The Czech Republic has reached the 22nd position among the 178 countries included on Economic Freedom Index list.
The Index of Economic Freedom was introduced in 1995 by the Heritage Foundation and The Wall Street Journal.
Specialists of The Heritage Foundation measure economic freedom based on 12 quantitative and qualitative factors, grouped into four broad categories, or pillars, of economic freedom:
- Rule of Law (property rights, government integrity, judicial effectiveness);
- Government Size (government spending, tax burden, fiscal health);
- Regulatory Efficiency (business freedom, labor freedom, monetary freedom);
- Open Markets (trade freedom, investment freedom, financial freedom).
The Czech Republic is the only Central European country placed in the second category of “mostly free” countries, scoring of 73.7, decreasing by 0.5 point compared to last year.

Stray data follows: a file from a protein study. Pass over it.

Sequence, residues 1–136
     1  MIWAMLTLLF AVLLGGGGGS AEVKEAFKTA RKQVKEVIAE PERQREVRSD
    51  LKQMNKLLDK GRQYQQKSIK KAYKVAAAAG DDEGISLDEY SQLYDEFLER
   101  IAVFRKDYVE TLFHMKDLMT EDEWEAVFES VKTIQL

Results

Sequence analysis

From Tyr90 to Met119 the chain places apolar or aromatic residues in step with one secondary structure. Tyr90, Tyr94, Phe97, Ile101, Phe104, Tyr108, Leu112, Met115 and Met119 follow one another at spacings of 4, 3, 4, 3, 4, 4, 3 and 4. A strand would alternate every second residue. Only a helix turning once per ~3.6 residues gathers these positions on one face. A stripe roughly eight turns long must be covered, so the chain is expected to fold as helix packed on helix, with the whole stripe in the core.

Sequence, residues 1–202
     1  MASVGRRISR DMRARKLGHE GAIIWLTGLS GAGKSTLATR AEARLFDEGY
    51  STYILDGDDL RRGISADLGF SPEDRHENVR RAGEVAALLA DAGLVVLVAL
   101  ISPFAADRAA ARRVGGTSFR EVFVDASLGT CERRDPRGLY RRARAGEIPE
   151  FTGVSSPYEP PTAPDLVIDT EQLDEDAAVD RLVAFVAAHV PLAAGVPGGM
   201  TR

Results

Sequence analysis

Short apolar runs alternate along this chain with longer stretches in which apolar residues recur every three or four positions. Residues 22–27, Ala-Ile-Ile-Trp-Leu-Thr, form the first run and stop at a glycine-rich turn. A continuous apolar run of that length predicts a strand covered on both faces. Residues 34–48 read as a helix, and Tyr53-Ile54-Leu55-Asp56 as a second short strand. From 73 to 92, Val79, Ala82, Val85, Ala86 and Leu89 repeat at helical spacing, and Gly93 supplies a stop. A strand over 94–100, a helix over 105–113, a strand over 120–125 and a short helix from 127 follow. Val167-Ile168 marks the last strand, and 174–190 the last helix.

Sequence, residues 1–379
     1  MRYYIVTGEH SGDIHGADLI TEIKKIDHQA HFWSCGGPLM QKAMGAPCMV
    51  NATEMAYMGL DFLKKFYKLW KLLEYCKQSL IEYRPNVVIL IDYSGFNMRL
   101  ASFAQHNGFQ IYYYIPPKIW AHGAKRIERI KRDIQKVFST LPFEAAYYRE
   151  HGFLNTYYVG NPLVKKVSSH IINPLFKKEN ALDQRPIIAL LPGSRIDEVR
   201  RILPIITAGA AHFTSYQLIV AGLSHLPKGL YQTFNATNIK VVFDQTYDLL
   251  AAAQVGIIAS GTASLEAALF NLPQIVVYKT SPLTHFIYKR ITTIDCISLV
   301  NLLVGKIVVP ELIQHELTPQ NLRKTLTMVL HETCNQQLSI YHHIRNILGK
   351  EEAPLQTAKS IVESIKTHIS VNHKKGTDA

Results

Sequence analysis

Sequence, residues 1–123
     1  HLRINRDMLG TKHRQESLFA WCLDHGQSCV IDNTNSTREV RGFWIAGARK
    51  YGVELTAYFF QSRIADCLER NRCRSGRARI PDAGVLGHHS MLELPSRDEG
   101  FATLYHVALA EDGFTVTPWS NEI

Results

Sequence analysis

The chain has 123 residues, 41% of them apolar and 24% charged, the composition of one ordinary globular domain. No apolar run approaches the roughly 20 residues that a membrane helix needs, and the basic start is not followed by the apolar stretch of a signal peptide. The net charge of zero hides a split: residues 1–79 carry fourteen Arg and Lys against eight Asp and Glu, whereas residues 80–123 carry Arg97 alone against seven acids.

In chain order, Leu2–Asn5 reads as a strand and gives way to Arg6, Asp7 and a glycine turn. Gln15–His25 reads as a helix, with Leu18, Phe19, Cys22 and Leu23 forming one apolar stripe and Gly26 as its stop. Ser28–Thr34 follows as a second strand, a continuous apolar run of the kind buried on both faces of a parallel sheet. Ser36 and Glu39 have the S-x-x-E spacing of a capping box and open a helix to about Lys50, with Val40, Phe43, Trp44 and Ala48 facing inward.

“Amid rising populism and political polarization, the government has been pulled slightly to the left (…) but is expected to continue pro-EU, pro-business, and fiscally prudent policies”, experts from the Heritage Foundation point out.
The report highlights the Czech Republic’s attractiveness, with a prosperous market economy, one of the highest GDP growth in the EU, the lowest unemployment level in Europe and rising standard of living.
Two Asian economies, Hong Kong and Singapore, are once again the most economically free territories in the world.
Immediately following the two far eastern economies, New Zealand, Switzerland, the United States of America, the United Kingdom, Canada, Australia, and Maurice, in Africa, have secured the top-ranking spots, respectively.
Meanwhile, Venezuela and Libya are at the bottom of the table, behind Sudan, Algeria, Angola, Democratic Republic of Congo, Syria, Egypt, Congo, and Iraq.